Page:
Describe your farming practices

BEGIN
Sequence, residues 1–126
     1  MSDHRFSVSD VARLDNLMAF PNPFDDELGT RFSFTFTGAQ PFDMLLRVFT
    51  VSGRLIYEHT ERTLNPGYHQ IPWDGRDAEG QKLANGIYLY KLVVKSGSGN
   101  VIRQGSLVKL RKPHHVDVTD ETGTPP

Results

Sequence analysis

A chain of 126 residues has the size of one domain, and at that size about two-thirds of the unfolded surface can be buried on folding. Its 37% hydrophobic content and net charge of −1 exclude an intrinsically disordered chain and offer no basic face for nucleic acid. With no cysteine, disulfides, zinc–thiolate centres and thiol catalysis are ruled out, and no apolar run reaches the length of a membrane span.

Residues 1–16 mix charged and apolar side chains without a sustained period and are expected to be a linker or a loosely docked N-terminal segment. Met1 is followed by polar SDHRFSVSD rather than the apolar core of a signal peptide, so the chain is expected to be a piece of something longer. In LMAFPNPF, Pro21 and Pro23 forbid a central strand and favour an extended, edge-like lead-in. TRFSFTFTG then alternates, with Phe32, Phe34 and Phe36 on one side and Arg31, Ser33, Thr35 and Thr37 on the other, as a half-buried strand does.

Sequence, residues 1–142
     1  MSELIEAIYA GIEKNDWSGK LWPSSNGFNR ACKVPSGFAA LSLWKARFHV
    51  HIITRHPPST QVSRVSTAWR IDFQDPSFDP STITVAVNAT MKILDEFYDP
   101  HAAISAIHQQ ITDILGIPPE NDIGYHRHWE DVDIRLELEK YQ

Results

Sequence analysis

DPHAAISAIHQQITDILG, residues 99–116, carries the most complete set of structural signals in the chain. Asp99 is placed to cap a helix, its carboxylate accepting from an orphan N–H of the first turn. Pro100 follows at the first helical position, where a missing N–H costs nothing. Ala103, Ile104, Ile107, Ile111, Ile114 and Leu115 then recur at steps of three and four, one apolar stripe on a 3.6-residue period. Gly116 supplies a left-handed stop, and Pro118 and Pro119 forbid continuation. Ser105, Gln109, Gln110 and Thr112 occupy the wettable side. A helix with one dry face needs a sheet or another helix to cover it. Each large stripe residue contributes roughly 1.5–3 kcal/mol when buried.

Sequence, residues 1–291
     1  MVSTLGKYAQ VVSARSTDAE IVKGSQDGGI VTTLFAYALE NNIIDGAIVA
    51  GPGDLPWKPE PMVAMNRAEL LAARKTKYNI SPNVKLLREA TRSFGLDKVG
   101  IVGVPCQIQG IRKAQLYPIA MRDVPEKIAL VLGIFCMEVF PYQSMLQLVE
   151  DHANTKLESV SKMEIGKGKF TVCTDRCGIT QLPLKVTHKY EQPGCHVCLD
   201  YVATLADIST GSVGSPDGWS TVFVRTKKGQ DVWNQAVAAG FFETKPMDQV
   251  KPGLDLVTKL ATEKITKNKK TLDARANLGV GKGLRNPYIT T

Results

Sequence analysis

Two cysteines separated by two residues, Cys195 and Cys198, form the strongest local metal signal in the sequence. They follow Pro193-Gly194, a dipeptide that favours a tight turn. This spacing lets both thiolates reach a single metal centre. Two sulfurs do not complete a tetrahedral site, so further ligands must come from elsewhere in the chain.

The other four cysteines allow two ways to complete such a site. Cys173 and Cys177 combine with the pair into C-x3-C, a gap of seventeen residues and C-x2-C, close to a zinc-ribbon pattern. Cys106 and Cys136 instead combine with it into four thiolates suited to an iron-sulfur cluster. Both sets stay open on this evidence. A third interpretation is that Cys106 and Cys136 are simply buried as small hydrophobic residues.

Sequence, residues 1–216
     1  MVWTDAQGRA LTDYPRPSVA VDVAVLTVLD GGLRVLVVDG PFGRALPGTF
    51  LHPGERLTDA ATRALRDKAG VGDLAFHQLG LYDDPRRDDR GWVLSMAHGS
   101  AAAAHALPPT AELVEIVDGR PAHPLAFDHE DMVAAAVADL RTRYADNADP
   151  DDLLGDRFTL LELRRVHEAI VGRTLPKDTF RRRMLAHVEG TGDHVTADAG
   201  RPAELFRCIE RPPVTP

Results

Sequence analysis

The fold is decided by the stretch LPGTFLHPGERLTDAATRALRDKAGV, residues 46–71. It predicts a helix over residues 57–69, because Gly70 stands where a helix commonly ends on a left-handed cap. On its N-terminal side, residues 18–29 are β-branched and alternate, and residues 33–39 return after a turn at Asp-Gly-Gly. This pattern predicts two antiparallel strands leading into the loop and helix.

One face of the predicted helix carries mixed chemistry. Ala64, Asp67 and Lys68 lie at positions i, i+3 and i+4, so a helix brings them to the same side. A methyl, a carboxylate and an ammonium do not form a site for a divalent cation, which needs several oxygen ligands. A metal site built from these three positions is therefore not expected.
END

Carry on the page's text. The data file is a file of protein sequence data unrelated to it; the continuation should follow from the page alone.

We take a systems approach to farming. People (farmers, seasonal help, processors, suppliers, and customers/members), plants, soil, and animals need to be integrated so that each can help sustain the other. Are we all the way there, yet? The short answer is no. We drive hundreds of miles (a seven hour round-trip) for each processing run to be able to put pasture-raised chickens in our shares. We do this because it is the closest processor that accepts birds from independent producers like Cedar Valley Sustainable Farm. Is this sustainable over the long-term? Again, no. So why do it? Over the past four or five decades, the intricate web of our local food infrastructure with overlapping supports, connections, and resiliencies(including producers, processors, aggregators, suppliers, sellers and buyers) has been lost. Either it's been actively dismantled, starved by neglect or proscribed by regulation. It's been replaced by corporate structures more beholden to quarterly returns than long-term sustainability. This short-term outlook has been to the detriment of our soils, our farmers, our animals, and our health. Rebuilding something that took decades to take apart doesn't happen overnight. At Cedar Valley Sustainable Farm, we take the long-view, and hopefully our work will be a solid brick in the foundation of new, local food system. Providing well-raised meats to our CSA members creates demand for more. As demand grows, more farmers will step in to meet it, and new processors will build plants to make our work more sustainable.